Where Mr. Panetta calls for continuing the procurement of the F-35 Joint Strike Fighter for the Air Force, Navy and Marine Corps, the Center for New American Security report calls for deep cuts in the Air Force and Navy buys.

It says the Air Force should slash procurement from 1,763 to as few as 1,000 planes. The Navy should halve its buy of 369 F-35Cs, which it calls flawed, and keep purchasing the F-18 Hornet.

“Due to its short range, the F-35C requires aircraft carriers to get dangerously close to enemy coasts or necessitates frequent aerial refueling,” the report says. “While external fuel tanks can extend the F-35C’s range, such tanks compromise its stealth and thereby sacrifice an essential attribute. By buying fewer F-35s more quickly, the Navy will revitalize its strike fleet sooner.”

Shrinking the F-35 procurement would free up more money to invest in what might be the Navy’s future — the X-47 unmanned combat drone being developed by Northrop Grumman Corps, the report says.

It also calls for reducing the Navy’s active carrier fleet from the Panetta-endorsed 11, to 10, as the cost of operating flat tops and buying new ones continues to escalate.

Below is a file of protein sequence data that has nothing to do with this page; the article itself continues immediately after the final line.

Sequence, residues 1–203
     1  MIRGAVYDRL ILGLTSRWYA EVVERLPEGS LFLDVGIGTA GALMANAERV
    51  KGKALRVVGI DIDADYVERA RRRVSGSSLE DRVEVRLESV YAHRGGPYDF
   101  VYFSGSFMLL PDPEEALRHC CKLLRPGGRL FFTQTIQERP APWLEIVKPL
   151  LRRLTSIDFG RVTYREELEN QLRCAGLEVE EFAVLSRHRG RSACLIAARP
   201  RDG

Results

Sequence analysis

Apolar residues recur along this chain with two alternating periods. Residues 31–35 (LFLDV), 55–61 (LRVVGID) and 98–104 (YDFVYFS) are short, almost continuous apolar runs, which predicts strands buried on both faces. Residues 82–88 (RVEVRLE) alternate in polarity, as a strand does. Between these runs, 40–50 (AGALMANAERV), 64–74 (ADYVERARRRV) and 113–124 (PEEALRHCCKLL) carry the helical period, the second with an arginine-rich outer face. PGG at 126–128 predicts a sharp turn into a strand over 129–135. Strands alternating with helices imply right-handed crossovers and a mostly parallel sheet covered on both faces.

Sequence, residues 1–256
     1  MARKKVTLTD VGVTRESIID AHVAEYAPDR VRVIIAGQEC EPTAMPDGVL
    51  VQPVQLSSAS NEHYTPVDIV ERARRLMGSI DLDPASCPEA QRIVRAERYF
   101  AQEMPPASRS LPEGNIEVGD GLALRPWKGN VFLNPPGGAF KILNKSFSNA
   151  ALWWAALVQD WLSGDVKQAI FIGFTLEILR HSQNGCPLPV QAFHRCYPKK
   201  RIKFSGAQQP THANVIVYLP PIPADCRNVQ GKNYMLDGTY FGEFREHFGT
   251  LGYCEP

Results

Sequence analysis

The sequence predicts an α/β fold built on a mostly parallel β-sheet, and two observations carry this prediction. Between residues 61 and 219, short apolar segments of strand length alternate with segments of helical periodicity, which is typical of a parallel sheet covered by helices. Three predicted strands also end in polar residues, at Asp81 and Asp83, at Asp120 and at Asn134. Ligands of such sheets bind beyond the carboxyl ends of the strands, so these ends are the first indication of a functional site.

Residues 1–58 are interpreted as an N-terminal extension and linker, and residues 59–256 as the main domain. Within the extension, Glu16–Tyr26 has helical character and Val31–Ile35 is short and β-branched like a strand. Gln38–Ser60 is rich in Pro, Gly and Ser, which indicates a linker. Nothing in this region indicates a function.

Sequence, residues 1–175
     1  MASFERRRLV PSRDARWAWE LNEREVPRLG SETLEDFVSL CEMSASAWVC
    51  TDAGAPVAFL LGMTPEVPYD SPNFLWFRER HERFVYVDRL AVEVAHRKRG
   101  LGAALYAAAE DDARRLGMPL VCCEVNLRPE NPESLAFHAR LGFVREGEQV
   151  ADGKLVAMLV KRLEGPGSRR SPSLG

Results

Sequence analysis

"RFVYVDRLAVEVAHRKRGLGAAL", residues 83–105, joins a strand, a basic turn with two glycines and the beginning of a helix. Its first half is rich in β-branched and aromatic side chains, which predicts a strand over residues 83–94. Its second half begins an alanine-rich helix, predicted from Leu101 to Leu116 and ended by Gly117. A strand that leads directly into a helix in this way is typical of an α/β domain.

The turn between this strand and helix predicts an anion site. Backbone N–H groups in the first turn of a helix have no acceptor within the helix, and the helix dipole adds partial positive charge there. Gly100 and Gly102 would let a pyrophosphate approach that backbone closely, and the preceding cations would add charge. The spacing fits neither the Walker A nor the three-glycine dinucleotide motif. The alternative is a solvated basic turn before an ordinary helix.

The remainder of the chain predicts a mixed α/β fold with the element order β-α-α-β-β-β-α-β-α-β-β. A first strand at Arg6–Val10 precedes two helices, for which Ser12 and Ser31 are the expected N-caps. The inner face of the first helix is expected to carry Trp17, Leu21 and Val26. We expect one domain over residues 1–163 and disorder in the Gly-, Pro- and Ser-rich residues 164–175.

In addition, the report says the Army’s 570,000 soldiers should be cut to 480,000, while Mr. Panetta recommends a reduction to 490,000 troops.

The center’s report also calls for delaying until 2021 procurement of one of the Army’s most cherished procurement prizes — the $40 billion Ground Combat Vehicle (GCV) to replace the M2/M3 Bradley Fighting Vehicle.

“The Bradley remains the pre-eminent infantry fighting vehicle in the world with no looming challenger, while the current requirements for the GCV are both unnecessary and expensive,” the report says.

Other outside experts have called on the Pentagon to put off the Ground Combat Vehicle.

           — Hat tip: DS[Return to headlines]

Foreign Agents Creep Into U.S. & Canada Under Integration Scheme

As the so-called trilateral North American “integration” process marches onward toward an ever-closer union between the governments of Canada, the United States, and Mexico, national law enforcement agents are slowly creeping across borders through a variety of shadowy schemes. Going forward, that trend is set to accelerate, according to officials, who say government functionaries may soon be able to chase and arrest suspects outside of their own nations. But critics of the controversial plan are fighting back with increasing urgency.